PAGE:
Said the night wind to the little lamb, “Do you see what I see? Way up in the sky, little lamb, do you see what I see? A star …”
If you know the song, are you like me, left wondering if the little lamb actually does see the star? I’m thinking he doesn’t, because he goes on to ask the shepherd boy about what he hears rather than what he sees.
On a recent hike along a ridge, I tried to point out something across the ravine to Laura (my near-sighted wife). I stood behind her, positioned her head, and pointed my finger to give her a sight-line that Helen Keller could follow. She still couldn’t see what I wanted to share with her.
How can she NOT see that?!
And the soft winds began to blow across the embers of frustration …
Every time I walk into my youngest son’s bedroom, my head nearly explodes. Every. Single. Time. (For the Hollywood directors following this blog—when you need footage from a post-apocalyptic landfill, I invite you to check out Danny’s room.) It irritates Laura, too, but she’s tenderly responsive to my soft-boiling rage: “Honey, Danny just doesn’t see the mess.”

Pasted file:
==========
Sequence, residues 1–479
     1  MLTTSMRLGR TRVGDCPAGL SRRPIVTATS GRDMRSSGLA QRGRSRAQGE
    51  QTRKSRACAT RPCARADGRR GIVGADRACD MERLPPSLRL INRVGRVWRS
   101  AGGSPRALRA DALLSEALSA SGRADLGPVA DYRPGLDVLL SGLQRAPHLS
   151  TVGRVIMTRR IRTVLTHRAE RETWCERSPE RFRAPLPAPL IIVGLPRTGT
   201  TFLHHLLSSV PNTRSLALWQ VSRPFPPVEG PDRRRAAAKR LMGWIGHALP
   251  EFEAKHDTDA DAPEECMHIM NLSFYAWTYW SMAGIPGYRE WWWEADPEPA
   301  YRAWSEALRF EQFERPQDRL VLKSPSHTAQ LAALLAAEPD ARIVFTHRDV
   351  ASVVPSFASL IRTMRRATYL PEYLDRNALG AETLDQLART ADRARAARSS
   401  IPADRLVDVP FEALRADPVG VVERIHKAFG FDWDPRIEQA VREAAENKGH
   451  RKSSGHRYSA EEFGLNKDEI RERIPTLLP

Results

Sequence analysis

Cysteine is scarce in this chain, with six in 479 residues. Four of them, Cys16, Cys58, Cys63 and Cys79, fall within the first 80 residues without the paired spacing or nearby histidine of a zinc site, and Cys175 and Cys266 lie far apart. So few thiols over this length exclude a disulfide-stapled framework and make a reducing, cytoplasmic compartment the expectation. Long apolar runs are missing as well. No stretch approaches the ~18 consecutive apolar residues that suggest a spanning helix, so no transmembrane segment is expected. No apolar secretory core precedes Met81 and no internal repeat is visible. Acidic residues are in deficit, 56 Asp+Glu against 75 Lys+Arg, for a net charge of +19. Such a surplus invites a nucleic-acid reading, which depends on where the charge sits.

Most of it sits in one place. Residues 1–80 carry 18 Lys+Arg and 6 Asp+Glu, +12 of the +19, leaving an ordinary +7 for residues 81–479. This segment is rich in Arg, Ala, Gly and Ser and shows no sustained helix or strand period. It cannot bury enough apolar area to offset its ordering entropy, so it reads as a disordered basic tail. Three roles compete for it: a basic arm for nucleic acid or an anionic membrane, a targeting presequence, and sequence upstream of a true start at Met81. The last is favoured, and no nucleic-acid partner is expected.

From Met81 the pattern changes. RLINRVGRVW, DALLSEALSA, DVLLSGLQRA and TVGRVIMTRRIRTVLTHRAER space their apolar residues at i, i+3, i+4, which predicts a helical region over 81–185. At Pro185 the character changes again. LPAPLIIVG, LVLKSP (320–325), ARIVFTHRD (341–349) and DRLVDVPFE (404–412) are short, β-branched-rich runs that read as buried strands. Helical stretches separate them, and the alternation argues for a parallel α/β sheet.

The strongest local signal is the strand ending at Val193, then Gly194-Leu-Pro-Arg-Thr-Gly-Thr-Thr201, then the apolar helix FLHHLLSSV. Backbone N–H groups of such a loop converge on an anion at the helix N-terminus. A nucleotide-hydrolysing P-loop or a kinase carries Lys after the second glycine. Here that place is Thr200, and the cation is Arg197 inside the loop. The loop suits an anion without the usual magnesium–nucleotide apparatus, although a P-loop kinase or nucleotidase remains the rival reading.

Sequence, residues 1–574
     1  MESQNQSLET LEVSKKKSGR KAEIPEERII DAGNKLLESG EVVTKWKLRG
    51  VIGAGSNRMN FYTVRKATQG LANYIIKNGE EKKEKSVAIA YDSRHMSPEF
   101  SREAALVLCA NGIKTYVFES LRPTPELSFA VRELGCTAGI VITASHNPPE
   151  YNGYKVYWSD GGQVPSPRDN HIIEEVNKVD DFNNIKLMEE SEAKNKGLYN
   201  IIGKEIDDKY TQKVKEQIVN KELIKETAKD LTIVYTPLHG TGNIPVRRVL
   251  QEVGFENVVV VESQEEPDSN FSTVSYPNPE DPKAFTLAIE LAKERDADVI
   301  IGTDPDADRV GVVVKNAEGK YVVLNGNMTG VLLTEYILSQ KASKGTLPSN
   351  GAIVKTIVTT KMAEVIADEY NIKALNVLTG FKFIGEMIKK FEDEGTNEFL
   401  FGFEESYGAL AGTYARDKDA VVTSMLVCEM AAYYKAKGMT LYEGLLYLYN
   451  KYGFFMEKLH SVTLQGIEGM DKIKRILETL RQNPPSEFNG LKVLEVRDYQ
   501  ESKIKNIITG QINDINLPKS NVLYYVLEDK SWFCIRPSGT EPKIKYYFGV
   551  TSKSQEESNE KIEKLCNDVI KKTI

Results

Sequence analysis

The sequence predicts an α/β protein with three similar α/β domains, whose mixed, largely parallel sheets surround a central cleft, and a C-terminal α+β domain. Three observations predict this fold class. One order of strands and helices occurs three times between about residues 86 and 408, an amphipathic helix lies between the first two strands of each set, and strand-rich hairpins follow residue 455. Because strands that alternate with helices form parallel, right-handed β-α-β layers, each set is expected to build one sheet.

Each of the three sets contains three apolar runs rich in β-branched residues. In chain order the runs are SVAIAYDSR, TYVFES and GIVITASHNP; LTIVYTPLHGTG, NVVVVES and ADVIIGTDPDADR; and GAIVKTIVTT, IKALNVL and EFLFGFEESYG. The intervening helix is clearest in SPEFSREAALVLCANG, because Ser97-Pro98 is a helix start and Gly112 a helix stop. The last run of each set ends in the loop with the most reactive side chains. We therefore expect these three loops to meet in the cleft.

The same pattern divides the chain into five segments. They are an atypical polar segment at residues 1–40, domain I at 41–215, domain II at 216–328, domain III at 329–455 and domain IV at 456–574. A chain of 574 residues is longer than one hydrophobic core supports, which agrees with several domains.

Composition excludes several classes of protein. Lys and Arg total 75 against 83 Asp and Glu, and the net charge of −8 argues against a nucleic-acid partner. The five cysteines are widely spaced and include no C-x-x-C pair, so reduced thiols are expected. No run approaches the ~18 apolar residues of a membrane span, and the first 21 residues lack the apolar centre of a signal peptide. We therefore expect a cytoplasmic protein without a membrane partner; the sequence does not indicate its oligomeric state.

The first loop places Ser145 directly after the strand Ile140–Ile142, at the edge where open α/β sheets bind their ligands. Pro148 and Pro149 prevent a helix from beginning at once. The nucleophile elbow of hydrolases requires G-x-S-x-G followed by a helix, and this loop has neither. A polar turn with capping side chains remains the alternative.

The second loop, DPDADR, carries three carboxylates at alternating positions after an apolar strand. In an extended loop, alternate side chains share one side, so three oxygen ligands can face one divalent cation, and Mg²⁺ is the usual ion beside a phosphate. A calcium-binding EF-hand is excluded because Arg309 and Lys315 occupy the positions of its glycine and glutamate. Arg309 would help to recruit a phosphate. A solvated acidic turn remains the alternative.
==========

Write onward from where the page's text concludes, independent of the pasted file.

What? Doesn’t see it?!
Nice try, babe, but I’m not buying that crap. Danny’s room is a mess simply because he doesn’t care. And I have no tolerance for a soul deadened with indifference. As a good friend often reminds me, the opposite of love isn’t hate; it’s indifference. At least a hate-filled soul has some passion in it.
Danny’s room is a playground for squirrels and rats simply because he doesn’t care. And I’m outraged because I see the mess and he chooses to ignore it.
But what if Laura’s right? What if there’s even a slight chance that Danny really doesn’t see what I see? Likewise, what if she will never recognize what it is I’m pointing out in the distance?
And there it is, friends: the source of my angst. I want—I NEED—others to see exactly what I see; but I’m learning that more often than not, they simply can’t. I’m beginning to realize that perceptual differences of the world we think we share often provide the spark for most of my blowups, my stress, and my turmoil (both inward and outward).